Revised Guidance Document 150 on Standardised Test Guidelines for Evaluating Chemicals for Endocrine Disruption

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This guidance document was originally published in 2012 and updated in 2018 to reflect new and updated OECD test guidelines, as well as reflect on scientific advances in the use of test methods and assessment of the endocrine activity of chemicals. The document is intended to provide guidance for evaluating chemical using standardised test guidelines. Specific objectives include providing a description of the OECD conceptual framework for evaluating chemicals for endocrine disruption, background on the standardised test methods used, and guidance for interpreting the outcome of individual tests. The general approach taken by the document is primarily to provide guidance on how test results might be interpreted based on the outcome of standardised assays. Key questions addressed in the document concern likely mechanisms of endocrine action and any resulting apical effects that can be attributed to such action. The document is not proscriptive but provides suggestions for possible next steps in testing (if any) which might be appropriate for a regulatory authority to take, given the various data scenarios. The guidance document is focused primarily on endocrine modalities included in the conceptual framework; estrogen, androgen, and thyroid mediated endocrine disruption and chemicals that interfer with steroidogenesis.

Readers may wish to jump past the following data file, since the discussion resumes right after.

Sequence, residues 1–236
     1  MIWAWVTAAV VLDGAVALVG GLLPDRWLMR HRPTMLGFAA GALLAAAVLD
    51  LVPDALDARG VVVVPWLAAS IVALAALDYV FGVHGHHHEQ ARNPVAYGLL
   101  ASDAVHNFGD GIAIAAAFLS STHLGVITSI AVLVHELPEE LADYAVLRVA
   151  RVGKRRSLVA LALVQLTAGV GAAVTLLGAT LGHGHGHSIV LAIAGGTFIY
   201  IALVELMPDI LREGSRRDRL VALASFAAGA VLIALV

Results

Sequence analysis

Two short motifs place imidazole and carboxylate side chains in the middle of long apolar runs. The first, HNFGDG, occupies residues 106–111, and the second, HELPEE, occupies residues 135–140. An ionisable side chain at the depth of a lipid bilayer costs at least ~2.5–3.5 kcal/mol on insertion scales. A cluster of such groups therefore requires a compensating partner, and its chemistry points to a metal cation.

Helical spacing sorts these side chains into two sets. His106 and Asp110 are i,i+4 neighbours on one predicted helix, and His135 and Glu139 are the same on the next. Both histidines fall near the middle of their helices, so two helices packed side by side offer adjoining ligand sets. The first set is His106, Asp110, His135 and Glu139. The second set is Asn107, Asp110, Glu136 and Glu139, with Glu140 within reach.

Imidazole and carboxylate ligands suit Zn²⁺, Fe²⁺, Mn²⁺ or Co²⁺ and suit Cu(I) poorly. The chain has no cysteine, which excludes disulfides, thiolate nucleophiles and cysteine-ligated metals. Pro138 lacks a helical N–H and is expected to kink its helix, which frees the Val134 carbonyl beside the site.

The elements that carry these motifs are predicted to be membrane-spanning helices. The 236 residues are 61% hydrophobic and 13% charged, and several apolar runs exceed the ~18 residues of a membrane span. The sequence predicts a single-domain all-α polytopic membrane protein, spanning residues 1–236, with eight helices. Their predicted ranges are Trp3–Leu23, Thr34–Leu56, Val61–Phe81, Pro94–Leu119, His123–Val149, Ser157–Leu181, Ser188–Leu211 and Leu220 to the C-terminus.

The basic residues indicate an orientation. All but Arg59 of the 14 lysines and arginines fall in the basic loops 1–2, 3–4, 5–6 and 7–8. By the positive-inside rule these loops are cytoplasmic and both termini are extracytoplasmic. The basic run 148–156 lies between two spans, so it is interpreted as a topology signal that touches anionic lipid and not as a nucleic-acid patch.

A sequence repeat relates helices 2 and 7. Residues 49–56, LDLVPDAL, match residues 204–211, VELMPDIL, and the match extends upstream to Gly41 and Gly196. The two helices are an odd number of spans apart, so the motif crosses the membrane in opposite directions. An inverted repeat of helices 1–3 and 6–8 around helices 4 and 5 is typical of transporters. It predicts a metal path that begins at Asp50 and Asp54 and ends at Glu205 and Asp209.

Prenatal Developmental Toxicity Study (OECD TG 414)

TG 414 is an OECD validated developmental toxicity test designed to provide general information concerning the effects of prenatal exposure on the pregnant test animal and on the developing organism. The test substance is normally administered to pregnant animals at least from implantation to one day prior to the day of scheduled kill, which should be as close as possible to the normal day of delivery. This Test Guideline is intended for use with rodent (rat preferably) and non-rodent (rabbit preferably). Each test and control group should contain a sufficient number of females to result in approximately 20 female animals with implantation sites at necropsy. Three concentrations, at least, should be used. The test substance or vehicle is usually administered orally by intubation. A limit test may be performed if no effects would be expected at a dose of 1000 mg/kg bw/d. The results of this study include measurements (weighing) and clinical daily observations, each day preferably at the same time. Shortly before caesarean section, the females are killed (one day prior to the expected day of delivery), the uterine contents are examined, and the foetuses are evaluated for soft tissue and skeletal changes. A number of endocrine-related measurements in the dams and in the fetuses have been added in 2018. In any study which demonstrates an absence of toxic effects, further investigation to establish absorption and bioavailability of the test substance should be considered.


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